The Inequity Of Private-Equity Hustlers

My Comments: How many of you have been to SeaWorld in Orlando? For some unknown reason, I’ve never been there but I know my kids have and they loved it.

The only reason I’m talking about SeaWorld now is because last year the company that owns it generated so much revenue they had a net profit of $380 million. And managed to pay zero taxes on that $380 million. How come? Loopholes and lobbying.

These same folks have spent $7.3 million lobbying the current Congress to help them preserve the rules that allow them to avoid taxes on that kind of net income. Those are the same folks who killed the move in the Senate yesterday to keep student loan interest rates from jumping from 3.4% to 6.8%. And they gave $173,000 to Mitt Romney since he’s a “private equity” kind of guy and will surely help the cause if he gets elected President.

April 25th, 2012 12:00 am Jim Hightower

What are these phantasmagoric money machines that they call “private-equity firms?” They’re much in the news these days, because a fellow who was a private-equity magnate is presently running for president. Mitt Romney piled up a quarter-billion-dollar personal fortune through his Wall Street equity outfit, Bain Capital, and he now claims that, because of his success in that business, he knows how to “fix” our economy.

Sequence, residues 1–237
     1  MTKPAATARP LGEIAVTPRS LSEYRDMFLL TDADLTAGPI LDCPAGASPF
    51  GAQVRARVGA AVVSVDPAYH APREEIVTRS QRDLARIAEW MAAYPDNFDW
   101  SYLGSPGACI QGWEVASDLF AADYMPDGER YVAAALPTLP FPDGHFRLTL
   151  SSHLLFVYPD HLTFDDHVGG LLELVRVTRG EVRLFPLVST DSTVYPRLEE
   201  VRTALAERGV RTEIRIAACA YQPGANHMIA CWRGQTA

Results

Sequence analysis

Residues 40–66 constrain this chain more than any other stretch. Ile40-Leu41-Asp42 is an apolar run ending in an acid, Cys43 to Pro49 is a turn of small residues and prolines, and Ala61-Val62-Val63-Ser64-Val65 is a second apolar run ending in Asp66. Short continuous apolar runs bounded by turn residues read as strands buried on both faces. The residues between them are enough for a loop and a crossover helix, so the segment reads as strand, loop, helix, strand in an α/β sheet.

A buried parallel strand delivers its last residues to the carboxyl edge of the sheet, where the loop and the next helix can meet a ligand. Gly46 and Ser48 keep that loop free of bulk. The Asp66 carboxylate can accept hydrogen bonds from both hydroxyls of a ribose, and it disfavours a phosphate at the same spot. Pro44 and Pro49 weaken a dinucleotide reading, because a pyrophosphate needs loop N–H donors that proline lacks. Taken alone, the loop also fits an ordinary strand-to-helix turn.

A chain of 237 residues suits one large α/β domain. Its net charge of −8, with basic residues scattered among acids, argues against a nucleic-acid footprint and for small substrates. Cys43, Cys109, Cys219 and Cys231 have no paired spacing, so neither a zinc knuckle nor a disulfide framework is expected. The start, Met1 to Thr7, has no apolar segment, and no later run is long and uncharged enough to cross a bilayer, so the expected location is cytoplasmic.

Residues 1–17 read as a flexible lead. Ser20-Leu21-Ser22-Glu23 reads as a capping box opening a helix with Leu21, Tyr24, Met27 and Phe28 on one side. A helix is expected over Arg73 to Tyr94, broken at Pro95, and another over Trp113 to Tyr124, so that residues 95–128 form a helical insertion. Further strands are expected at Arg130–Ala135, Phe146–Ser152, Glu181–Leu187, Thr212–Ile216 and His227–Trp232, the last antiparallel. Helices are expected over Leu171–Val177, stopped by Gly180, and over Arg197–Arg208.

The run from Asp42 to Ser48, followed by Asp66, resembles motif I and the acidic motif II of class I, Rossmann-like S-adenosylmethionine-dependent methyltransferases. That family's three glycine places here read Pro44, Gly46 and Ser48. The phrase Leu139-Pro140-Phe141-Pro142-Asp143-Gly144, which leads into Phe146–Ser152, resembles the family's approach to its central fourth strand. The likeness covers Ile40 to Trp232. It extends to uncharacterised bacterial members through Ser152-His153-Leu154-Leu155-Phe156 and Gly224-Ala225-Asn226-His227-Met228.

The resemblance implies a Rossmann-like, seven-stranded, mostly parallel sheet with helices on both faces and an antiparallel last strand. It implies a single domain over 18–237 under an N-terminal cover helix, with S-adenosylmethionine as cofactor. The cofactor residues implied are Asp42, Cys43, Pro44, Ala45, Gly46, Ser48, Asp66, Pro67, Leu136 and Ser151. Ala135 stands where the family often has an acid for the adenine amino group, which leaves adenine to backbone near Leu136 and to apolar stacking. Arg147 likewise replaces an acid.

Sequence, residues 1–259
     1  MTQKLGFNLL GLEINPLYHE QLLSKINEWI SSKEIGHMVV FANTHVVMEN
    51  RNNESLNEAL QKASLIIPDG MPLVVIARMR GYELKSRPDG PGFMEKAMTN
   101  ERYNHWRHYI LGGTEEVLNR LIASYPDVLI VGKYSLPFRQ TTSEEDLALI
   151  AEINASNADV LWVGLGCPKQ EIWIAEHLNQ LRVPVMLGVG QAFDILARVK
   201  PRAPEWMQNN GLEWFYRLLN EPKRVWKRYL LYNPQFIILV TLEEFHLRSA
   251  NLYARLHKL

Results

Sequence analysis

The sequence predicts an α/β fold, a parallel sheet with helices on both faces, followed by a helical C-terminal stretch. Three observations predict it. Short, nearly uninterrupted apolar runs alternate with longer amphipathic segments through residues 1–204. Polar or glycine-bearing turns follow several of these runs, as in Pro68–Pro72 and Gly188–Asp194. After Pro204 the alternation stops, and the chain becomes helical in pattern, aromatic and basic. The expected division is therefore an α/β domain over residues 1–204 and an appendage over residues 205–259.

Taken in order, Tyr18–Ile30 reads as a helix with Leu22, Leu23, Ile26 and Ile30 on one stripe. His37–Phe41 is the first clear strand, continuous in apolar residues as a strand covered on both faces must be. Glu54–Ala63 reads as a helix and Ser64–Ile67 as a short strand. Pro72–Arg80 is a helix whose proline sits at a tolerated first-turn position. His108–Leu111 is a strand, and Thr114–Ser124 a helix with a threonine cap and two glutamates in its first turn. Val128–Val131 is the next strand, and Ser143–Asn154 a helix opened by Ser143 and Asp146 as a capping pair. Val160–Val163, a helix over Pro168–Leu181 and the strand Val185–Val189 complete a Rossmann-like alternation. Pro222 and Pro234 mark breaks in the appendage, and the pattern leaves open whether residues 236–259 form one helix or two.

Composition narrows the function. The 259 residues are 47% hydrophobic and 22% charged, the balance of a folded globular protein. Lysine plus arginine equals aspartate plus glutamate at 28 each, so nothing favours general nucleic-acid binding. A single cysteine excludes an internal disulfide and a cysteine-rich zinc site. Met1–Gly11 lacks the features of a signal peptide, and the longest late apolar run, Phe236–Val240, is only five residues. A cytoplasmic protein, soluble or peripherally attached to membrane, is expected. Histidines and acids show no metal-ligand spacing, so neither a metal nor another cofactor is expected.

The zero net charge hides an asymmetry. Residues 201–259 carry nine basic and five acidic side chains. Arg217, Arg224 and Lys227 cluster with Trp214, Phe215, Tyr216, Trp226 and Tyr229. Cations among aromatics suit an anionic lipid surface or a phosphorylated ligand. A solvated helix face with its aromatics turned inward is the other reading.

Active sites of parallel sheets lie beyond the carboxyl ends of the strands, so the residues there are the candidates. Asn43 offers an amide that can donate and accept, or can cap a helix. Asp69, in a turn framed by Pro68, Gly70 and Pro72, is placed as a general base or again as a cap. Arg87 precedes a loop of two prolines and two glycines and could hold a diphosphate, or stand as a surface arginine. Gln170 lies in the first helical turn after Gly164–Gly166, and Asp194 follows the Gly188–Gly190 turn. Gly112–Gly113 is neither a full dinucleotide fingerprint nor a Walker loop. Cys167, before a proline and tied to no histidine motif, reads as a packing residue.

Before you cheer that, note that private equity whizzes are all about The Fix — not necessarily a good thing. They operate by borrowing big piles of cash at high interest rates from rich speculators to buy out XYZ Corp. Then, to meet the interest payments owed to the speculators (and to siphon off a financial killing for themselves), the fixers do two things: One, they plunder XYZ’s assets, selling the profitable chunks of the corporation; and two, they severely downsize the XYZ workforce, firing as many workers as possible and demanding deep wage cuts and benefit givebacks from the employees they keep.

It’s a raw redistribution-of-wealth scheme, shifting XYZ’s wage payments from its many workers to a handful of wealthy high rollers. The process downsizes America’s middle class, while creating no real economic value. Nothing equitable about it.